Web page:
even the Sollecito defence consultant, Professor Vinci, declared himself in agreement
with this range).

Taking only the thanato-chronological data in account, the time of death can
therefore be situated at between 04:50 am on November 2, 2007 back to 18:50 pm on
November 2, 2007. This range can be further restricted, therefore, only on the basis of
circumstantial evidence, according to which, as has been seen, Meredith was still
alive at 21:00 pm and on her way back to her home at number 7, via della Pergola.

Finally, it is excluded that, when Meredith suffered the lesions and the violence that
caused her death, she was in a state of alcoholic intoxication. Dr. Lalli already
arrived at this conclusion, having found an alcohol level equal to 0.43gram/litre. As
[we have already] seen, the GIP-appointed experts also reached the conclusion that
Meredith was not alcoholically intoxicated, and that the quantity of alcohol found by
Dr. Lalli corresponded to the consumption of a glass of wine or beer.



Dr. Patrizia Stefanoni, a biologist working with the Forensic Genetics section of the
Scientific Police of Rome, testified at the hearing of May 22, 2009. She explained that
she works in forensic genetics, and thus performs DNA analyses with the goal of
studying findings and specimens found in various crime scenes. She testified that
DNA can be analysed from many points of view, including medical/health. With
reference to forensic analysis, DNA analysis can be useful whenever (or if) it is
possible to make a comparison. Indeed, the analysis of an unknown specimen alone
does not yield the identification of an individual; the technical data thus obtained is
only of value if the same technical data is possessed for a given person and one can
make the comparison. Thus, if the DNA of a suspect is known, then it is possible to
compare that DNA with DNA found in a specimen "using the same methodology,
[184] with the same analytic means, and state whether the sample does or does not
belong to the suspect. Also the victim of an attack can be compared with a specimen
taken from a given place in order to determine whether the specimen leads back to
the victim or not‛ (pages 6 and 7 of the transcripts).

Turning to the event which is the subject of this trial, she stated that during the early
afternoon of Friday, November 2, 2007, following notification of a technical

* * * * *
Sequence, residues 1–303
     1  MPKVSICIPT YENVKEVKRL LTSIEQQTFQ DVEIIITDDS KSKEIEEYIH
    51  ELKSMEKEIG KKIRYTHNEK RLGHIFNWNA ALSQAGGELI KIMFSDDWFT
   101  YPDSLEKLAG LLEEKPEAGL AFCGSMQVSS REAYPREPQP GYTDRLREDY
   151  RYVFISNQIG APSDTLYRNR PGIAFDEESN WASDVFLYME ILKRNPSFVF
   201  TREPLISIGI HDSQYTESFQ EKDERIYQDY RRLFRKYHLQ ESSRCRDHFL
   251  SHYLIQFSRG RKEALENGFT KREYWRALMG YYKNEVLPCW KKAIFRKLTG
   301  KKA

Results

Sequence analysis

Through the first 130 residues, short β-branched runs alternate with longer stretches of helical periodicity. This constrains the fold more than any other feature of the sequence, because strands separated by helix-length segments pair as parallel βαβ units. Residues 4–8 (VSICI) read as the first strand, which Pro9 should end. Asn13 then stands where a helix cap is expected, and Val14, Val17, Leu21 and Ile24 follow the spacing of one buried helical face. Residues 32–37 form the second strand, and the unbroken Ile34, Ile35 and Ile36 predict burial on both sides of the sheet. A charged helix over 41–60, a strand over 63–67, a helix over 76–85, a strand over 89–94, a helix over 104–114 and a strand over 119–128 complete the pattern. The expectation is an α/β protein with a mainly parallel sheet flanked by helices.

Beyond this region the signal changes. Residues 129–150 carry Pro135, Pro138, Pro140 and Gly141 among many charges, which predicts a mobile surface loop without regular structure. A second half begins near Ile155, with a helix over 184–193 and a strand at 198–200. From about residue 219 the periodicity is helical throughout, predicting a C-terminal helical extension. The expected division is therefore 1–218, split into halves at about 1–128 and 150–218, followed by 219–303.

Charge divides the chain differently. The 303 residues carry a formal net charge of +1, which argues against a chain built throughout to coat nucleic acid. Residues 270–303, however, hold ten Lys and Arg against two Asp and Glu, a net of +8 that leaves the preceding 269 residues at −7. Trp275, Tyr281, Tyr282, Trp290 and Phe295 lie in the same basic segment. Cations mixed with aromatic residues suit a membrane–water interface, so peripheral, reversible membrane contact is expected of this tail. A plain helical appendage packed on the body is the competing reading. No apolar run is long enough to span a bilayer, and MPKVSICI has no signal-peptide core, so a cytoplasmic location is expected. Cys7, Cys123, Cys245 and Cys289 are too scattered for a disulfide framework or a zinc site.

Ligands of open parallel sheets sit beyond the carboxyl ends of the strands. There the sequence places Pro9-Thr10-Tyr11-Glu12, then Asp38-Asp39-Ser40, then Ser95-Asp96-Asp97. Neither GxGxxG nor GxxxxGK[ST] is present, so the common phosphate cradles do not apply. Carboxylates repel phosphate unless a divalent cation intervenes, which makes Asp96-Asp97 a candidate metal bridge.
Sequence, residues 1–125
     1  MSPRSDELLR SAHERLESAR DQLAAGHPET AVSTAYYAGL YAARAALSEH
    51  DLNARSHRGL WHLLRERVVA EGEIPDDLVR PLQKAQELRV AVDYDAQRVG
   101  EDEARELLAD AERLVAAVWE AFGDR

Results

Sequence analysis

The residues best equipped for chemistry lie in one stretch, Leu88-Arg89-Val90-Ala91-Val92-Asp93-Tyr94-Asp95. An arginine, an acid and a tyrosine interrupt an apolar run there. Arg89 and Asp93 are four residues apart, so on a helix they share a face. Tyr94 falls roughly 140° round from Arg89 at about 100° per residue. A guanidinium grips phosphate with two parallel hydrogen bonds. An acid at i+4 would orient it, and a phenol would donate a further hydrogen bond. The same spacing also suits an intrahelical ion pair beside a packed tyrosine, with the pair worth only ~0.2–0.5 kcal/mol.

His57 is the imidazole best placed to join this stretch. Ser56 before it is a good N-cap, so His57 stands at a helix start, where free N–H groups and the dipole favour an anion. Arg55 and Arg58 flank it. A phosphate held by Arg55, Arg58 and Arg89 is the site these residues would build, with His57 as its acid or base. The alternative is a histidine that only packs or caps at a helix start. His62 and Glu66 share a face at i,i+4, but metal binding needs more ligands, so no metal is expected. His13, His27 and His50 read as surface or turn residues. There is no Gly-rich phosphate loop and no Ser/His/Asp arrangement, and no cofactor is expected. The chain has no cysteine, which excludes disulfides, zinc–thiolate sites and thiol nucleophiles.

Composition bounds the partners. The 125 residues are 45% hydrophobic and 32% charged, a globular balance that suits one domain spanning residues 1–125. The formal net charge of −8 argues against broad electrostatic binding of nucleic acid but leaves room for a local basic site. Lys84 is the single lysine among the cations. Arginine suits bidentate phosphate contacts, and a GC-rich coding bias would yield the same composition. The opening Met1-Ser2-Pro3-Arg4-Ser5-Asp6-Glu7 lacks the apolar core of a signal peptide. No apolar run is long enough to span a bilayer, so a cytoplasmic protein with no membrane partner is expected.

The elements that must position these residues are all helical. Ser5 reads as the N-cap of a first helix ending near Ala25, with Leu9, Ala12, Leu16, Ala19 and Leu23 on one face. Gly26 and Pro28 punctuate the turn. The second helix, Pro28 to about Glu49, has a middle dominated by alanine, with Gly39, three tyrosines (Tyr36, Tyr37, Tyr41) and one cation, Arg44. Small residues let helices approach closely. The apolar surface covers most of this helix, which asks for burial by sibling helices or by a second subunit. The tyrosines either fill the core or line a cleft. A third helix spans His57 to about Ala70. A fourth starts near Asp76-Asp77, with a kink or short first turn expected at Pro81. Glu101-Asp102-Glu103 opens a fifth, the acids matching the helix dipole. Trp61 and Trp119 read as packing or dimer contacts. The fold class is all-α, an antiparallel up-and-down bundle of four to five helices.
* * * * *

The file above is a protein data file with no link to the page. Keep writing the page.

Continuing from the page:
inspection in Perugia due to a homicide, she went to the house at via della Pergola 7,
arriving at around 19:00-20:00 pm, together with other personnel from the Scientific
Police of Rome, and immediately started working on the place where the victim had
been found, work which continued on the following days, and consisted of
individualizing and acquiring investigative elements which could turn out to be

This activity also concerned the car, an Audi A3, owned by Raffaele Sollecito, and on
November 13, 2007, a search took place at the Perugia flat at Corso Garibaldi 110
inhabited by said [Raffaele Sollecito]. On November 14 another search was made at
Patrick Diya Lumumba's pub, Le Chic, located in Perugia at via Alessi, and on
November 20, a search was made at the studio at via del Canerino 26 leased to Rudy
Hermann Guede.

On November 12, laboratory testing commenced on the material acquired up to
then; on November 22 a second phase of laboratory operations began, and continued
on November 27. Another start was made on December 10, 2007, and continued on
December 14, 2007.

On November 18, 2007, there was a further search at the house at via della Pergola 7,
and the laboratory testing relative to the results of this search started on December
21, 2007. The whole operation ended with the official viewing [presa visione] of the
results by the technical consultants on May 20, 2008. Subsequently, Dr. Stefanoni
handed in the technical report and the printout of all the analytical results obtained
from the analysed findings. The report was dated June 12, 2008 and it was deposited
with the Office of the Public Prosecutor (page 39 and following of the transcripts).

[185] With respect to the activity of searching for and collecting the various
specimens, she emphasised that she operated according to selective criteria, as it was
not possible to collect everything. Thus, she proceeded by first giving precedence to
collecting the obvious biological specimens, then seeking non-obvious biological
traces and, above all, potential specimens of blood, using the customary due care
and precaution necessary to ensure optimal preservation of the crime scene, and to
avoid "any careless handling of things which might cause contamination" (page 44,
transcripts); the purpose of this was both to protect the collector who might come